The US Air Force's selection of the Northrop Grumman/EADS North America team's Airbus A330-200-based KC-45 in 2008 was one of the most remarkable decisions made within the last several years.
By rejecting Boeing's offer of a KC-767 to meet its KC-X requirement, the service appeared to have removed the company's decades-old dominance of the air-to-air refuelling sector. It also seemed to have vindicated a bid strategy which had promised to deliver a vital commodity: "more".
With four buyers now on board, EADS hopes its A330 MRTT will dominate the market. Picture: Airbus Military
But that was not the end of the story, with a Boeing appeal to the US Government Accountability Office having led to the deal's termination over process errors.
Also in early March, Northrop stepped back from a contest that it considered to be unfairly skewed towards a smaller design, leaving EADS NA to go it alone in pursuit of the 179-aircraft deal.
With the contest now in a 60-day extension period approved by the Department of Defense before responses to a final request for proposals must be tabled on 9 July, the gloves have well and truly come off.
EADS has adopted a far more aggressive stance than Northrop in promoting the KC-45 in a bid to fight back against Boeing and its supporters. Fuelled by the results of a World Trade Organisation investigation, which concluded that some Airbus programmes - including the A330 - had received illegal state subsidies from European governments, the KC-767 NewGen Tanker's promoters have dressed the product as an all-US tanker fighting against a transatlantic raider.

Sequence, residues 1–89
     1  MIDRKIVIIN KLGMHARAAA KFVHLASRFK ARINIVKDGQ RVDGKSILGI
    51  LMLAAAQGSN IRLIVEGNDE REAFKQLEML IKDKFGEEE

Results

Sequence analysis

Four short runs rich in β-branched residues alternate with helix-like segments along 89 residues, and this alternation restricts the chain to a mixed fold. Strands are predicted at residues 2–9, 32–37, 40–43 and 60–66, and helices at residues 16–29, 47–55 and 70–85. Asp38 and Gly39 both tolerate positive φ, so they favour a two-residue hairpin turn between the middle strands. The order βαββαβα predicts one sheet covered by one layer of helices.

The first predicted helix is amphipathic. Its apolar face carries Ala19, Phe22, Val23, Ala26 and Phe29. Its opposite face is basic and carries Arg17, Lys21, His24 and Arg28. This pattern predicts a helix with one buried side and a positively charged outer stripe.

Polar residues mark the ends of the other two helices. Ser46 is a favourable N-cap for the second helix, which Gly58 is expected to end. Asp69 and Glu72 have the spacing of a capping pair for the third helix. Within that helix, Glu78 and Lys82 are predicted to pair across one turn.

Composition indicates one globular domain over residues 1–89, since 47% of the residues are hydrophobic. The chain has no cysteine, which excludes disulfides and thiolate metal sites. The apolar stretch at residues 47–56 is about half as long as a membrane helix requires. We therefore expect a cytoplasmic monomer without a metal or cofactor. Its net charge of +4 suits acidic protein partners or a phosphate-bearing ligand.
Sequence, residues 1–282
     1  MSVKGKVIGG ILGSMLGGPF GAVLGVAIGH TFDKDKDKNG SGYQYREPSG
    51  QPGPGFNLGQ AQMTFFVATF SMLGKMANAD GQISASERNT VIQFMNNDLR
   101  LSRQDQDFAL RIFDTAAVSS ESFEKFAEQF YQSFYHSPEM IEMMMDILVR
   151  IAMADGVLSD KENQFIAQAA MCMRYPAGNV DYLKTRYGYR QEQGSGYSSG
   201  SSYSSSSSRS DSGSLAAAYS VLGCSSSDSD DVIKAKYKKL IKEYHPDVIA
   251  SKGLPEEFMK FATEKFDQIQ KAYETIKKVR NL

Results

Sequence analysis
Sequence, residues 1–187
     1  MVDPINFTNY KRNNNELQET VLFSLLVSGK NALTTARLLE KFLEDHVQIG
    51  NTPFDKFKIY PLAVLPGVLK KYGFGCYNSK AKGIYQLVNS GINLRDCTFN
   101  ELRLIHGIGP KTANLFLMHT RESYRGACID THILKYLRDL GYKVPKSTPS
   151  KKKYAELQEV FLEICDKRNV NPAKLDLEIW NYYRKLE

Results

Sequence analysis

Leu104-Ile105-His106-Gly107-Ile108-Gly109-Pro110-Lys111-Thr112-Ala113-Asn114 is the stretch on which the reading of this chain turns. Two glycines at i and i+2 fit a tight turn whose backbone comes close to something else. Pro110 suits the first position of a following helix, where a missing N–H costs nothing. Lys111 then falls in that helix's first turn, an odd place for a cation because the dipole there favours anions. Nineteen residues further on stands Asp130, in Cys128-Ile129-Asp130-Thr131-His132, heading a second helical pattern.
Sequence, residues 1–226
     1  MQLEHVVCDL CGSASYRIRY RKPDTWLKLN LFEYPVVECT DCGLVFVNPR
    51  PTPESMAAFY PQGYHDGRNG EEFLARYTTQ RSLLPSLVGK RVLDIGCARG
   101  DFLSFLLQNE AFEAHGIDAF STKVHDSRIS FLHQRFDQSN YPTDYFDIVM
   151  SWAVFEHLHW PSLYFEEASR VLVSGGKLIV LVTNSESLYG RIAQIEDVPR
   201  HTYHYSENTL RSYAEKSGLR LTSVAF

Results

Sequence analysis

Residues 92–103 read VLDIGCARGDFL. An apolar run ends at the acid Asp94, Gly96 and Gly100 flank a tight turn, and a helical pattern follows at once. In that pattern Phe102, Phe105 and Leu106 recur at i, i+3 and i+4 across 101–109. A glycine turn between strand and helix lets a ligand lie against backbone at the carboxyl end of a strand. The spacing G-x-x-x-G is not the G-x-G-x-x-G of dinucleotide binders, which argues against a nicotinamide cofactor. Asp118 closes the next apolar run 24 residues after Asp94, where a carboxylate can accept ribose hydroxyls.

But claiming that its North American activities today support 200,000 US jobs and contribute $11 billion to the economy each year, EADS is promoting its own US credentials.
"The KC-45 will be made in America by tens of thousands of American workers, and build the US economy for today and tomorrow," says EADS NA. If selected, the company will assemble its new tanker in Mobile, Alabama, and also bring in similar work on the new A330-200F freighter.
EADS's head of Airbus military derivatives, Antonio Caramazana, says the KC-45 offering will draw heavily on the company's experience in preparing the A330-200 as the KC-30A for the Royal Australian Air Force. "The basic aircraft and the basic air-to-air refuelling solution is very similar," he says.